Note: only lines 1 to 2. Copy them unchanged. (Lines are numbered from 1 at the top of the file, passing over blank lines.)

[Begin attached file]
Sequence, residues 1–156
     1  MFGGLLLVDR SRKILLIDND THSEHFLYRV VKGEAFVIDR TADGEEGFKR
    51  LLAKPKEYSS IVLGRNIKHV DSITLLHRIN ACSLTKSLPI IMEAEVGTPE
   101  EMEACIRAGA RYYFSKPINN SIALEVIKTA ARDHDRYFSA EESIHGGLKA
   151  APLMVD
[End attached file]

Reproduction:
Sequence, residues 1–156
     1  MFGGLLLVDR SRKILLIDND THSEHFLYRV VKGEAFVIDR TADGEEGFKR